There's a digital protocol used by boats over a few of the VHF radio channels (87B and 88B). This protocol announces the ship, providing COG and SOG (Course over Ground, Speed over Ground.) It also provides (at a less frequent update interval) the ship's name and the destination.

These details are presented on our chartplotter. In Real Time.

(They're also available on the radio, but the little LCD display is a giant pain in the ass to use.)

A "chartplotter" is a bit like the turn-by-turn directions app on your phone. Wayz or Apple Maps or Google Maps or whatever. The chartplotter integrates GPS data and nautical charts to show where you are and where you're headed. It can gather data from masthead wind instruments, depth sounder, speed sensor, and a magnetic compass to provide more information on the display.

(If you want to get really fancy, they offer engine instrumentation packages, also.)

You can see world-wide AIS data on Marine Traffic

You can see Red Ranger, too. Marine Traffic: Red Ranger

Currently, our AIS has been off for over a year, so the Marine Traffic web site only shows our last recorded position. (Sad face.)

The AIS reports from nearby commercial and high-rent private vessels all show up on our chartplotter. VHF radio is line-of-sight, so it's generally only ships we can actually see. Small private vessels don't have AIS, but, they also tend to stay pretty close to shore. Not always.

The military isn't big on AIS. But they're not stealthy, either. An aircraft carrier under way is flanked by destoryers and what-no. They'll radio you by name if they need to.

The harbor pilots driving container ships will also hail you by name if you're in the way. Or look like you might wind up in the way. Or if they have any reason to question your intention.

The chartplotter displays triangles and solid lines showing where the vessel will be in 10 minutes. We can see the overlaps and intersections, and steer accordingly. Or lose way to let someone pass in front of us.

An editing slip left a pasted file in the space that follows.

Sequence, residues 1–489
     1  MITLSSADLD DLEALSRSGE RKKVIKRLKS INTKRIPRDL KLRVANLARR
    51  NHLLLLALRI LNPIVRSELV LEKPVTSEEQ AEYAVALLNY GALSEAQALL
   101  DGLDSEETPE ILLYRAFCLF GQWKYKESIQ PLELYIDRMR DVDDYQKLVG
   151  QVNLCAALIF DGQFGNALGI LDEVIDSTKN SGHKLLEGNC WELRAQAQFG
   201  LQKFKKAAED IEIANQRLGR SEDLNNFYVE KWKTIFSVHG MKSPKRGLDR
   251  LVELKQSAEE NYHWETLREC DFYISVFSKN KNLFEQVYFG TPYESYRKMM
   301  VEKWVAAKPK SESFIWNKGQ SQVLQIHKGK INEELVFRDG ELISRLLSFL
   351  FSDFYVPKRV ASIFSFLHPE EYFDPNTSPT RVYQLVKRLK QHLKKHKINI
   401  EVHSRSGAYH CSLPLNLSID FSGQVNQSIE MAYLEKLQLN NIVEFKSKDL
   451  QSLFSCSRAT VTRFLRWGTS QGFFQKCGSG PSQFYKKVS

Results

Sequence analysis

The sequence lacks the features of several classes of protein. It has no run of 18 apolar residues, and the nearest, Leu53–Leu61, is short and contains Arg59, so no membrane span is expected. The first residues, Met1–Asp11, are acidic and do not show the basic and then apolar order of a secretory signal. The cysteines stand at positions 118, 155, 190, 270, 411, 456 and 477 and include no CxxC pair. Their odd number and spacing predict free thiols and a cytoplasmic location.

(6 knots isn't our top speed, top speed is about 7.4 knots, but, you also burn tons of diesel to get past the sweet spot of max torque at 1800 RPM. So we don't often accelerate to avoid a collision.)

The chartplotter also integrates with the steering hydraulics. This means we can set a course in the chartplotter, disengage the wheel, and maintain a sharp lookout without having to hold the damn wheel for four damn hours.

Chartplotter at 2,000 Miles
Chartplotter at 2,000 Miles

We call the helmsman "Mr. Benmar." As if there's a crewmember holding the wheel. "Mr. Benmar is making 191, a point just outside the Charleton breakwater," for example. Or "I've given Mr. Benmar the full route; so you'll have to acknowledge the turn when it happens about 3 3/4 hours into your watch, if everything goes according to plan."

We maintain a paper logbook with details. Hour-by-hour. It can be helpful in an emergency -- for example -- power failure at the batteries, and all the electronics except the hand-held radio and flashlights are dead. It also give you something to do each hour. Nighttimes at sea are quiet. And dark. And -- ideally -- boring.

Sometimes, we'll have Mr. Benmar make a 10°± steering adjustment to go around something. There's a button on the chartplotter and on the control for the autopilot to make that happen.